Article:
Polycotton Collared Zip Overall Pink £135.00
Polycotton Collared Zip Overall Pink £135.00

Polycotton Collared Zip Overall Pink, £135, M C Overalls

But there are more, outside the shows – in New York, London and Milan, those prancing peacocks, more used to flapping about in coloured feathers to get the attention of the snappers, had toned it down, industrial-looking boiler suits abound. Gigi Hadid and Kylie Jenner are fans – this is covered-up cool, not flashy, bottom-showing stuff. See also Net-a-Porter’s Lisa Aiken and Cate Blanchett – often spotted in an all-in-one.

Last time the boiler suit had a serious moment was the Seventies – where hardline feminists adopted it to their cause, eschewing make-up and any other feminine fripperies (less Charlie’s Angels, more Lynne Franks). The revamp is being worn with a clumpy sandal or a heel, or a trainer or a boot. The point is that it’s completely versatile. Be comfy yes, but be comfy your way. Glamour isn’t the antithesis to a boiler suit either – do your hair, pop on a blazer and you’re in a board meeting or out for dinner. And frankly anything can be jazzed up with a giant earring.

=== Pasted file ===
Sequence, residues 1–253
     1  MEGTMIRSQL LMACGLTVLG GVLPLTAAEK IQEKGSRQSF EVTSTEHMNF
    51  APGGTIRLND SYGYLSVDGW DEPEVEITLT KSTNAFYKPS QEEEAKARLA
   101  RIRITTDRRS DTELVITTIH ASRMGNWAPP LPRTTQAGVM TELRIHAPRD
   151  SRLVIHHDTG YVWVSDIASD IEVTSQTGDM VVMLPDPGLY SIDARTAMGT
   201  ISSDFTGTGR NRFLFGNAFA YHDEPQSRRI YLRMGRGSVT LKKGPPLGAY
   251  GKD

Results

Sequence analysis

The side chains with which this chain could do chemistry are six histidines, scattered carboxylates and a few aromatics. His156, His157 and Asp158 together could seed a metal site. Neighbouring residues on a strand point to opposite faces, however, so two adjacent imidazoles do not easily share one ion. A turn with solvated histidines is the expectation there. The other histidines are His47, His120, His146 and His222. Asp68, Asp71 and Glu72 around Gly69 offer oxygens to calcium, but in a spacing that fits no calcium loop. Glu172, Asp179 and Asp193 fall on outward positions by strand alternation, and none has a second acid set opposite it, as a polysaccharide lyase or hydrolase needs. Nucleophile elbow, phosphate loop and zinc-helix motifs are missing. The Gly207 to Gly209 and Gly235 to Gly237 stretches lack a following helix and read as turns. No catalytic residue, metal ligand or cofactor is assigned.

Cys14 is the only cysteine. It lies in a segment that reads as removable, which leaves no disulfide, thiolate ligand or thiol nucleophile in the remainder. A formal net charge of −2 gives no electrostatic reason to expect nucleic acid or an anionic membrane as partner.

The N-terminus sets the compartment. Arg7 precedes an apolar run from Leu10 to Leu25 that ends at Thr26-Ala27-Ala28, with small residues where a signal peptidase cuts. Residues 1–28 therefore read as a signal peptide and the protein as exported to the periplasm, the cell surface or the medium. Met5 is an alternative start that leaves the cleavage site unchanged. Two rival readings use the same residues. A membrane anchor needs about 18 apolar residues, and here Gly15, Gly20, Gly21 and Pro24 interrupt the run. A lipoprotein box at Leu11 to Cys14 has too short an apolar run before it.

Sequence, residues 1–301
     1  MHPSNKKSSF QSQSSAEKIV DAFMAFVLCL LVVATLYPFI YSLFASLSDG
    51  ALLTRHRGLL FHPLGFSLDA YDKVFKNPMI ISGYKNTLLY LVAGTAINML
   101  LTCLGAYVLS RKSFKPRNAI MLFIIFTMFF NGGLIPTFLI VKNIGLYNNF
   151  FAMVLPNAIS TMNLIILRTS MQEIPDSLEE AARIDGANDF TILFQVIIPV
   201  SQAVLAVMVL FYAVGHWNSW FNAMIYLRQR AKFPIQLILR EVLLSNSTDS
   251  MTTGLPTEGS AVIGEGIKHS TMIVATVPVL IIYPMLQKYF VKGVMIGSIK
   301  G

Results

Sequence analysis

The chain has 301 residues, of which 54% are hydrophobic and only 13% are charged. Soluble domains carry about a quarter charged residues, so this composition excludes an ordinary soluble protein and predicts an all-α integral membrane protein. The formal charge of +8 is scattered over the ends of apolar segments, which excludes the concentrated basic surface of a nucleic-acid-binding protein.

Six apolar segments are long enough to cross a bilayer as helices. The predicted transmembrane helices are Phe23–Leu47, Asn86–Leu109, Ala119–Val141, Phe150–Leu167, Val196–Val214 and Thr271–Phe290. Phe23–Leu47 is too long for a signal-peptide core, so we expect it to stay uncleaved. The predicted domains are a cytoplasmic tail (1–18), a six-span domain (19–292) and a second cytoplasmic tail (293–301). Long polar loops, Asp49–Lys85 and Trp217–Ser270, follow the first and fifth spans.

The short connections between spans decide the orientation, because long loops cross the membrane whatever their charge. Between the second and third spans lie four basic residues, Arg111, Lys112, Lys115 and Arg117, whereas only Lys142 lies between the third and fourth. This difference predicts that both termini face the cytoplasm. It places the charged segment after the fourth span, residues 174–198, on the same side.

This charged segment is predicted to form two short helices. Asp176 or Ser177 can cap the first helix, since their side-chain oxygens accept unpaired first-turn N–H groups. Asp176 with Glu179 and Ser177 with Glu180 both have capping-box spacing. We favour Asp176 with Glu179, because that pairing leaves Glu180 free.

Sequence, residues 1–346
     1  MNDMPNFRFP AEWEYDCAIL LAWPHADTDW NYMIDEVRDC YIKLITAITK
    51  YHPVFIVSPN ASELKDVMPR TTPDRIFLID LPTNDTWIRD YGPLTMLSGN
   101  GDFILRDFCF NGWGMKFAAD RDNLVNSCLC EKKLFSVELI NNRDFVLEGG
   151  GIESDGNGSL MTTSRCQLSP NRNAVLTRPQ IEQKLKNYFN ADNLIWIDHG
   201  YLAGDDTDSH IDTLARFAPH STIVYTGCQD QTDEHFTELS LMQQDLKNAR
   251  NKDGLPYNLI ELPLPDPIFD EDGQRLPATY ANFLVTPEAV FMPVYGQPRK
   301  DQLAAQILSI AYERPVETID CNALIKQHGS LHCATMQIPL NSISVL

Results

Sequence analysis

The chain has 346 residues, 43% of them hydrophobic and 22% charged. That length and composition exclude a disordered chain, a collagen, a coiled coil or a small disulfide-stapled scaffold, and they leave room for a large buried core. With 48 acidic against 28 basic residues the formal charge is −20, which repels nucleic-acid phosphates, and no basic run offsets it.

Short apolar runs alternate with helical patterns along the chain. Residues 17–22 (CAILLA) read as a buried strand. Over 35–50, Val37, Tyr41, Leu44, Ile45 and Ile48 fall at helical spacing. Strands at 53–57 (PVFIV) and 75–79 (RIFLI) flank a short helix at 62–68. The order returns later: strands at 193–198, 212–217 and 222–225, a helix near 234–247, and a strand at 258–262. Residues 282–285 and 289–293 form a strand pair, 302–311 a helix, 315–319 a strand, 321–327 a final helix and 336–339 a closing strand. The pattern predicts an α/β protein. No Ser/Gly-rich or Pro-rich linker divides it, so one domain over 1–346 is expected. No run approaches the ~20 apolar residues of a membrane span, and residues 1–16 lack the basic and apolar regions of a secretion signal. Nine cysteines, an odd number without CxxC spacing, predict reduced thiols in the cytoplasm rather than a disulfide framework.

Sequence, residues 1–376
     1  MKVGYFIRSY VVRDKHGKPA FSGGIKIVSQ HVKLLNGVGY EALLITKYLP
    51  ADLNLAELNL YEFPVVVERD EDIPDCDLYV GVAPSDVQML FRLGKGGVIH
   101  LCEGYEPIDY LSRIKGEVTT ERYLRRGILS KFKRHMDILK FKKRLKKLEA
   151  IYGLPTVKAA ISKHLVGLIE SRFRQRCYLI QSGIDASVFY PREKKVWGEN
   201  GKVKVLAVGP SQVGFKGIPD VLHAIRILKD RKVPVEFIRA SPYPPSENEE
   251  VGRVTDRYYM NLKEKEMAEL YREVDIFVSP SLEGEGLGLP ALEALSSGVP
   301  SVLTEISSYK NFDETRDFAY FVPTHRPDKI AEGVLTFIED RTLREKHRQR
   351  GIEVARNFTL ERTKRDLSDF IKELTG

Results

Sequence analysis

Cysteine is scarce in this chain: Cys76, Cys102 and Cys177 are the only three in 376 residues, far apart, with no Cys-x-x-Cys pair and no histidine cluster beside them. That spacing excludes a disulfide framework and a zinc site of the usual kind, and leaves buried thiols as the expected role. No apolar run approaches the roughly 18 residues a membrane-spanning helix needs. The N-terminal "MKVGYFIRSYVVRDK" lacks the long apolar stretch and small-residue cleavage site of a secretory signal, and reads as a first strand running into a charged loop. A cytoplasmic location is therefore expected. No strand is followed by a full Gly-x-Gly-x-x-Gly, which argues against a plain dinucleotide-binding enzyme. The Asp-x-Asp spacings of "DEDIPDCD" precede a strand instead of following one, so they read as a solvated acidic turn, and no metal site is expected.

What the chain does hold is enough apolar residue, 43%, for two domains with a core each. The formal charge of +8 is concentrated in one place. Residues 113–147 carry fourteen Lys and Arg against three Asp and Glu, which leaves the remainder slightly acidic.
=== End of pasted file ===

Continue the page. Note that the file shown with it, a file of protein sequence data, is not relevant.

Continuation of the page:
Boiler suits on the street in Milan. - Credit: Claudio Lavenia./Getty Images Europe
Boiler suits on the street in Milan. Credit: Claudio Lavenia./Getty Images Europe

The concept of power dressing – see Melania-esque tropes of tight-dress-vamp-heels – is shifting and being questioned, and ultimately diversifying. What strength is there in an outfit so constricting that you need to wear a pair of stringent cycling shorts as underwear? What is powerful about not being able to move nimbly in a pair of vertiginous heels? That isn’t power, that’s just patriarchal-pleasing discomfort.

A resurgence of #MeToo came this week across social media, the new water cooler – as women – including Julianne Moore, Reese Witherspoon, Kerry Washington and Tracee Ellis Ross – posted a “serious” picture of themselves, wearing black in support of Christine Blasey Ford, who has accused US Supreme Court nominee Brett Kavanaugh of sexual assault. Which shows that clothes remain a live issue in the search for empowerment – especially on Instagram – sartorial impact is key.

philosophy di lorenzo serafini - Credit: Victor Boyko/ Getty Images Europe.
Philosophy di Lorenzo Serafini SS19 Credit: Victor Boyko/ Getty Images Europe.

Fashion power dressing is no longer about honed silhouettes and single items. The “power” necklace, the statement bag or shoe … what statement is that exactly? I’m stronger than you because I’ve spent £1,000 on a handbag?

Instead it's about simplicity, a blacking out of mixed-signals, a way of transmitting an unfettered message in one head to toe look. Forget being swathed in reams of uncompromising fabric, high necks and ruffle-covered wrists, the new utility is here to make our world more of a “get dressed in two minutes and get on with it” sort of a place.

If you’re still not convinced – you might live for dresses, as with one pull over the head you’re pretty much done. The boiler suit does the same thing, but won’t expose your knickers with an errant gust of wind. I don’t know about you, but for me, that’s all the power I need.